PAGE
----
Not long ago, Megan came from Lake Forest to The Animal Store in Lincolnwood to get her very first pet, a cockatiel she named Bam-Bam. In fact, she and her mom, Jenny, visited the store several times and did a lot of research before choosing Bam-Bam. After playing with this little cockatiel several times at the shop, Megan decided it was just what she wanted for her birthday.

“I love birds,” said Megan. “Before we we got Bam-Bam, we learned how much work they were. We read about birds first in books from the library. We also learned a lot from the staff at The Animal Store, like how to feed Bam-Bam and what size cage we should get.”

“I loved it there at The Animal Store,” said Megan. “I love to look at all the animals, especially the birds. The people there were really helpful and they have a huge selection of pets.”

It’s not always easy to tell with birds whether they are male or female, but Megan thinks Bam-Bam is a female “because it whistles a lot and girl cockatiels whistle a lot.” Another tell-tale sign is that females have stripes at the bottom of their tail feathers. “Bam-Bam has stripes.”

Megan thinks cockatiels make great pets. She takes her bird for “walks” up and down their hallway. “I love the singing!” she said. “Bam-Bam sings the most in the morning.” Megan has learned a lot more about cockatiels since she brought Bam-Bam home. “I learned that if its crest is up, that means she is curious; if her crest is down, that means she’s calm; and if her crest goes up and down really fast, that means she’s mad!”  Not shockingly, Megan has figured out that the hardest part of owning a bird is cleaning the cage.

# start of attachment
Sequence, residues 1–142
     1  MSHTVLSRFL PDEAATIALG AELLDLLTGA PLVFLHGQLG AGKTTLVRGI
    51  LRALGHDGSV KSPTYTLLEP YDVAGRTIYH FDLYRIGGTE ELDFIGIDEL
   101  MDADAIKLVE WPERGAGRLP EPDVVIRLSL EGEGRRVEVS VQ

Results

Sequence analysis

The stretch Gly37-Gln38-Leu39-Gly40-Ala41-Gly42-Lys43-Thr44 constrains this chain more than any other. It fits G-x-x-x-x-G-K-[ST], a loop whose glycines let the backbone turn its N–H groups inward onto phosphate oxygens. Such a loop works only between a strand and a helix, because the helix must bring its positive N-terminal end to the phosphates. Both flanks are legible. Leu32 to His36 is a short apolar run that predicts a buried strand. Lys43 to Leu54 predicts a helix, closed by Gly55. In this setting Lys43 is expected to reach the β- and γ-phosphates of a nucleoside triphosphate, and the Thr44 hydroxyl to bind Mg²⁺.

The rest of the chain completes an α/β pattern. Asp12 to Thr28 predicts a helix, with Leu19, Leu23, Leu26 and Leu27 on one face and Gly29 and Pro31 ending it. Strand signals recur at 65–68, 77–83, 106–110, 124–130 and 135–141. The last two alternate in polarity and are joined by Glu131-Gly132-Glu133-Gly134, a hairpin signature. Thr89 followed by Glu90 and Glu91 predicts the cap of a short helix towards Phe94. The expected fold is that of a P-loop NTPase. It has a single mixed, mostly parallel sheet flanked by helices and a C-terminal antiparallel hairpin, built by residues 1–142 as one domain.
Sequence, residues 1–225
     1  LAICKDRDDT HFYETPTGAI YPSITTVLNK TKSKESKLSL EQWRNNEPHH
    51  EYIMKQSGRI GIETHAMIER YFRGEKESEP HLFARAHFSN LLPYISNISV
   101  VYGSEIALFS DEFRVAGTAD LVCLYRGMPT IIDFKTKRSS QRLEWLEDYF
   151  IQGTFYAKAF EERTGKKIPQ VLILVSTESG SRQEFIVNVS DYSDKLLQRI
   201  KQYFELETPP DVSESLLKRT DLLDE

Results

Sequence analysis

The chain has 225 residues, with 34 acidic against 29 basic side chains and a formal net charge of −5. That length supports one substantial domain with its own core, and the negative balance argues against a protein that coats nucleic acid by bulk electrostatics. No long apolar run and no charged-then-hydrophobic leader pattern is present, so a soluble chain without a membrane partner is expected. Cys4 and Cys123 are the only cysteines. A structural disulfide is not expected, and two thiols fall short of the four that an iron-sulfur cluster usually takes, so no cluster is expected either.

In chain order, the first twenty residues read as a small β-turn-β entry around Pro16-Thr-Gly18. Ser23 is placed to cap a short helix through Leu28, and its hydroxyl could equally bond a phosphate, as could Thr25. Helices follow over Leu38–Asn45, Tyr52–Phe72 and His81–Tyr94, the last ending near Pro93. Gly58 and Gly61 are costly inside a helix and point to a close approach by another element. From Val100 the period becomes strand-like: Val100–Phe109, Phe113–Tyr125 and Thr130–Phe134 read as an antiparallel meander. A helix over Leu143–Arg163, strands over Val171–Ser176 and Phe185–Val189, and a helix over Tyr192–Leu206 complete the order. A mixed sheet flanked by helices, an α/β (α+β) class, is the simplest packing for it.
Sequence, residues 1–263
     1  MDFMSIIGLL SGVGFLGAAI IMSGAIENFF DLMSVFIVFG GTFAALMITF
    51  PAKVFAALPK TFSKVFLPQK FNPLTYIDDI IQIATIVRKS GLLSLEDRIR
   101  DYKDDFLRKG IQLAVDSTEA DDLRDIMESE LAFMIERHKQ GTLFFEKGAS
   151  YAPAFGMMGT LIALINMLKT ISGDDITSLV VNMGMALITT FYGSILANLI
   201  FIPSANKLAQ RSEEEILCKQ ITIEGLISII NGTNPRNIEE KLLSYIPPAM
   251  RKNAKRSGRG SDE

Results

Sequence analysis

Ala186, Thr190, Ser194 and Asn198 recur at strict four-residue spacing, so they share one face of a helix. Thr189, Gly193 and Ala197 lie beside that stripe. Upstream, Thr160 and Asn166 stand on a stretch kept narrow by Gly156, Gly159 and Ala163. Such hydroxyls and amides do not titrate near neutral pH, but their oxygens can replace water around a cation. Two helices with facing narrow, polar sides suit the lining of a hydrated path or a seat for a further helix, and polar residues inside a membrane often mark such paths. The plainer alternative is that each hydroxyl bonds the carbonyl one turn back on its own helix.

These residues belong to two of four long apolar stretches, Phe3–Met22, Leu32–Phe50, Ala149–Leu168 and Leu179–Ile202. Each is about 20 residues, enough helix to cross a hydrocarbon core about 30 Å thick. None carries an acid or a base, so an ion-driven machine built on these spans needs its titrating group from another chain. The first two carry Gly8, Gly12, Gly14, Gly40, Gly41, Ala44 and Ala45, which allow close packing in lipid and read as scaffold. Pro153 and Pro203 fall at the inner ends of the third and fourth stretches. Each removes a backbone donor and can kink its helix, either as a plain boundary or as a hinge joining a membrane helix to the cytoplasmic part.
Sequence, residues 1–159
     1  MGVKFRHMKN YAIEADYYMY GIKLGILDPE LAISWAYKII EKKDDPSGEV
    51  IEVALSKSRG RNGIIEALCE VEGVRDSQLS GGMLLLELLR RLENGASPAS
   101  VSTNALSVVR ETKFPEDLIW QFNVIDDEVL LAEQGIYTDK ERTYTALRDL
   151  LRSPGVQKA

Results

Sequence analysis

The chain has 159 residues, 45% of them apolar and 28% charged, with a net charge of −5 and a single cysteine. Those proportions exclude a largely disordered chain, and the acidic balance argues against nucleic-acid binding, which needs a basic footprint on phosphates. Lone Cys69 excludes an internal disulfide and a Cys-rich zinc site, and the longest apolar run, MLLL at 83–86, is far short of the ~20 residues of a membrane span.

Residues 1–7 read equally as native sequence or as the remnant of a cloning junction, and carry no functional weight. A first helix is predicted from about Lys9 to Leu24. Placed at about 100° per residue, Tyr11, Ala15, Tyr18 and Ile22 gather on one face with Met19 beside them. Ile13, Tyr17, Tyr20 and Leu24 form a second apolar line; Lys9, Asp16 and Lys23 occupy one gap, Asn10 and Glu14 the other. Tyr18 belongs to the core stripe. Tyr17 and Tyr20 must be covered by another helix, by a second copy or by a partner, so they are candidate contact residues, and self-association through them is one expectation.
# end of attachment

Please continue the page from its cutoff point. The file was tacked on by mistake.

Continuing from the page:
Even still, Megan and her family are happy with their choice.

“We love our new pet! Thank you Animal Store.”

Need help picking out your first pet? Stop into the store and we would be glad to help you. Mention the Megan and Bam-Bam post and get 15% any bird toy or treat.*

We’d love to hear about your first pet; email us or leave a comment.

*Offer good on white tags only and valid through Wednesday, December 23, 2008.